What IT has to know about declaring disasters is that it doesn’t really matter what kind of incident is affecting your business. It might be something climactic like a hurricane, but more often it’s a mundane incident like a power outage and simple human error. What makes it a disaster is the extent of the impact on your business. So to determine how to respond, IT needs to ask, “How long will it take to restore the systems and/or data affected by this incident?” Only a portion of your systems may be compromised, but if a full deployment of your DR plan would take 24 hours — and addressing the individually compromised parts of your business would take just as long — it might be wise to declare a disaster and go ahead with the full DR execution.
This is why careful, ongoing monitoring is so critical. You have to know what is affected and how long it’ll take to restore — a process that begins, actually, well before disaster ever strikes. You need to perform a thorough assessment of what optimal performance looks like under normal circumstances, and only then can you judge the damage in an emergency and estimate what it’ll take to recover.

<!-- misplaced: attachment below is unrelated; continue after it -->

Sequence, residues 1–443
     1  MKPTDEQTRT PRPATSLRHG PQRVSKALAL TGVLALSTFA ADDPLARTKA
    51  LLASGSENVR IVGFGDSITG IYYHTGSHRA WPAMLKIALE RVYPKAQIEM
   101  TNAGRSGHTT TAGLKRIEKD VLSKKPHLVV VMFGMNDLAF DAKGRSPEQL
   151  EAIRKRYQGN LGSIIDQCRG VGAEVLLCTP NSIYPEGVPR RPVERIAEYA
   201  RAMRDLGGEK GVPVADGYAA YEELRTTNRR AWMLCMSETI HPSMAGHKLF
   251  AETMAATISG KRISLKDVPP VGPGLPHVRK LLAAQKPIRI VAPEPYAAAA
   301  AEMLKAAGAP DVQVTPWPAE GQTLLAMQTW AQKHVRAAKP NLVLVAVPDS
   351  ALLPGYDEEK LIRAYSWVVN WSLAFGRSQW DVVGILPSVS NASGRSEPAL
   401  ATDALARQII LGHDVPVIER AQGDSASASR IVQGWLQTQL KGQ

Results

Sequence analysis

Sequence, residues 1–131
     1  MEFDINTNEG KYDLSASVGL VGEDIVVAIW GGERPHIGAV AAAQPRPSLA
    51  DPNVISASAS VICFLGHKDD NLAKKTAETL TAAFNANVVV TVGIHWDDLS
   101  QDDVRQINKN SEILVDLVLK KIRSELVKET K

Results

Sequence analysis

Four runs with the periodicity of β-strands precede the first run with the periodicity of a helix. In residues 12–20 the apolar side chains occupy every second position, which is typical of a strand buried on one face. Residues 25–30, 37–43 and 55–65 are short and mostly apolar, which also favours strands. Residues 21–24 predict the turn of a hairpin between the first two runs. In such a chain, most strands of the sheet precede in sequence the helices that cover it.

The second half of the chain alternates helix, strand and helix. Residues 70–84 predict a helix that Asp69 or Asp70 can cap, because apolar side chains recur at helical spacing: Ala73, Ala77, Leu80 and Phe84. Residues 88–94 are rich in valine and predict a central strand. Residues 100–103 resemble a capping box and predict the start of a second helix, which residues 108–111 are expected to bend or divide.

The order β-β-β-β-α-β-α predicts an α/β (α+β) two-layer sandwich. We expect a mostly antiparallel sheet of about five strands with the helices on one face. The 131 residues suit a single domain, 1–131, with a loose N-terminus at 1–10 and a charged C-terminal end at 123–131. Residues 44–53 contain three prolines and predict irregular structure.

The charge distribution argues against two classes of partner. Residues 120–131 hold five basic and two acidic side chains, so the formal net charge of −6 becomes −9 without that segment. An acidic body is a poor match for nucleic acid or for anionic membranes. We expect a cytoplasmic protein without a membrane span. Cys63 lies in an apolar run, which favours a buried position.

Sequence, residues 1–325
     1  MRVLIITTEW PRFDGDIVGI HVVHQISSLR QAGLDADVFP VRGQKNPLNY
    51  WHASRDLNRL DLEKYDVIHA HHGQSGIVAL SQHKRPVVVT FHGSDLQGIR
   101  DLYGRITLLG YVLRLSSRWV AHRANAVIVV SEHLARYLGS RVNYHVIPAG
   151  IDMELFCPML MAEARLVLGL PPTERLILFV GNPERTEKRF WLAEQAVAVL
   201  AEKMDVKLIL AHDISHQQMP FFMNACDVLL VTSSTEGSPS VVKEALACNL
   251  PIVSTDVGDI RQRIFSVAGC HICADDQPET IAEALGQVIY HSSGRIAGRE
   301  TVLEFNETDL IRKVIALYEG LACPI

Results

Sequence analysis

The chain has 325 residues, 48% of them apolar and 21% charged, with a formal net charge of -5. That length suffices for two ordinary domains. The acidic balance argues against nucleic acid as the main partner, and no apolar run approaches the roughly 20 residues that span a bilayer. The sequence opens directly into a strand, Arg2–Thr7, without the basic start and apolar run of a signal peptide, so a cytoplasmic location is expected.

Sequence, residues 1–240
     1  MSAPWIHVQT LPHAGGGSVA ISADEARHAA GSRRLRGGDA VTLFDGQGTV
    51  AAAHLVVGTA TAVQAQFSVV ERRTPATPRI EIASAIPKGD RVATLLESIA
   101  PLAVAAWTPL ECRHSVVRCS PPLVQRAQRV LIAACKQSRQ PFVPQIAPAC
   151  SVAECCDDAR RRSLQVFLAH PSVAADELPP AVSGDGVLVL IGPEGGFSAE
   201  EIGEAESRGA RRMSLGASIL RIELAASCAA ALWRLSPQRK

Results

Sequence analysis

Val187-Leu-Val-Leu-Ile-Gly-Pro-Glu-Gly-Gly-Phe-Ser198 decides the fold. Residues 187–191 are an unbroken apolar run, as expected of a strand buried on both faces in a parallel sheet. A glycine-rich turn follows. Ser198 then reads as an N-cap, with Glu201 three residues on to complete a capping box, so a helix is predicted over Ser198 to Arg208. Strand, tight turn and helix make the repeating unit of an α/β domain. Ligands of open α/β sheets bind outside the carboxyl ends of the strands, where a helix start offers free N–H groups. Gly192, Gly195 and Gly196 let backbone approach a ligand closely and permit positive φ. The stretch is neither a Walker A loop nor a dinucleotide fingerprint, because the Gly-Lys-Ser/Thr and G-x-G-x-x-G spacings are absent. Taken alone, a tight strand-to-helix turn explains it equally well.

As for the lack of communication between recovery staff, I have to say, it’s disappointing to see this listed as a top challenge. I have written multiple posts about why and how to draft a complete and rigorous incident response plan. With numerous stakeholders and compliance issues to satisfy during recovery, communication breakdowns simply can’t be allowed to occur.
And just like with an incident response plan, testing your DR plan is critical. You want to identify issues and gaps during a test and not during a real disaster. The pressure will be high enough during a real event, and you want to be certain roles and responsibilities are clear and that no underlying technical issues exist.